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Window Orientation for Replacement Windows in Scottsdale, AZ

Replacing windows can be a huge investment, and something you want to get right the first time. But how can you decide which options are best with the different style and material options available? Not to mention all of the conflicting advice you get. Here is some advice that will make your efforts a little easier if you are looking for replacement windows in Scottsdale, AZ.

Things to Consider

When it comes to new windows there are a number of things you need to think about before choosing. First you need to think about where your home is built and the climate of the surrounding area. Then homeowners also need to consider how the home is positioned on the lot. That can get a little more complicated. So here is what you need to know:

1. South-Facing Windows

Because of the patterned movements of the sun, these windows are often well suited for allowing in solar heat in the winter. There are different types of glazes you can use on the south facing side that help absorb the sun’s heat and cut down on your heating bills during the colder months. The number to watch where is the solar heat gain coefficient (SHGC). The higher the number, the more heat from the sun passes inside. Also, in order to keep the heat inside once the sun goes down, experts recommend double paned glass so the window stays insulated. Southern facing windows also let in the most natural light and can work to lower energy use in that way. However, in Arizona, there are mild winters and scorching summers. So you will want to find proper window coverings for this glass during warmer months.

2. North-Facing Windows

These do not bring in the warm, direct sunlight. Instead, they emit a cooler, softer natural light—great for the indirect light. The sun hardly impinges on these windows aside from early morning or late afternoon glimpses in the summer. At these times the radiation gets reflected off the glass or blocked by walls and eaves. Not to mention the north wind is usually the coldest. Thus these are the best windows for cross ventilation in the summer.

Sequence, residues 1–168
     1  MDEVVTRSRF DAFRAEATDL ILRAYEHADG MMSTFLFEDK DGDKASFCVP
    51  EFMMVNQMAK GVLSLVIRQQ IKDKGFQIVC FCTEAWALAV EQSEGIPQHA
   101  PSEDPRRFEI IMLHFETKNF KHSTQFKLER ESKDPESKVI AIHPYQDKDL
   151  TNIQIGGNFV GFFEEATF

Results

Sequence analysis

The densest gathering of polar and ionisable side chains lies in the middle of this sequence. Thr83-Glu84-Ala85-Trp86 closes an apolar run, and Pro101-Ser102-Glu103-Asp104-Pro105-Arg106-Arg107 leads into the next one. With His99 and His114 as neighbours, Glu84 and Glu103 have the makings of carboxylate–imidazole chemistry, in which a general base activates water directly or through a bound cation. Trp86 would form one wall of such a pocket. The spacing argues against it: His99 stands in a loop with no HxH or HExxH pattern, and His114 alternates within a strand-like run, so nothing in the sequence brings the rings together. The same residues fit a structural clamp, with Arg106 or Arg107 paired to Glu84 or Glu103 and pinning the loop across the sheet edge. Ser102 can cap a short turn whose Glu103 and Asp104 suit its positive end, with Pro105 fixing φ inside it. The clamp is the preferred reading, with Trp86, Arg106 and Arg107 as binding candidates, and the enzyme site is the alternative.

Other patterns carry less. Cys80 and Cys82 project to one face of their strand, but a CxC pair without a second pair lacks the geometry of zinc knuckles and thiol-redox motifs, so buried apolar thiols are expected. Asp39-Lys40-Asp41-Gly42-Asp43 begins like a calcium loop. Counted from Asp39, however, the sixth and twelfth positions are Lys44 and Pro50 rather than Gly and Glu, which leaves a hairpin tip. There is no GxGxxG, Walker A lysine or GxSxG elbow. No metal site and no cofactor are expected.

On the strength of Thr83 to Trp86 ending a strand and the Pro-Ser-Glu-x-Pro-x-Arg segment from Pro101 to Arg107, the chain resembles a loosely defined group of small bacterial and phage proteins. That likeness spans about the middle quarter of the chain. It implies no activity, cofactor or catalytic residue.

3. East-Facing Windows

These windows receive both light and heat, and are difficult to shade from the summer sun as it rises in the morning. The east-facing windows welcome in morning sunshine. This is nice to chase off the nightly chill. However, the direct light makes these windows especially difficult to shade. Often the angle of the sun is low in the morning and afternoon, bringing in the unwanted heat in the summer. You might consider some toned glass or a high performance glazing. This will keep heat and light from the direct light down.

4. West-Facing Windows

Conversely, west-facing windows are the biggest energy losers. These close out the day and in the summer these windows overload the home with heat. Not exactly something you look forward to during the hottest time of year in Arizona. For these windows, it is best to use multiple panes and gas fills to insulate. You also want glazing that provide built in shading and a lower SHGC. To keep things cool in rooms with west facing windows you might also require outdoor trees or wide overhangs to block the outside sun.

Still have questions about new windows and orientation? Talk to a trusted contractor or window installation Scottsdale company. Then you will be better equipped to choose the specific window types and technologies to suit your needs.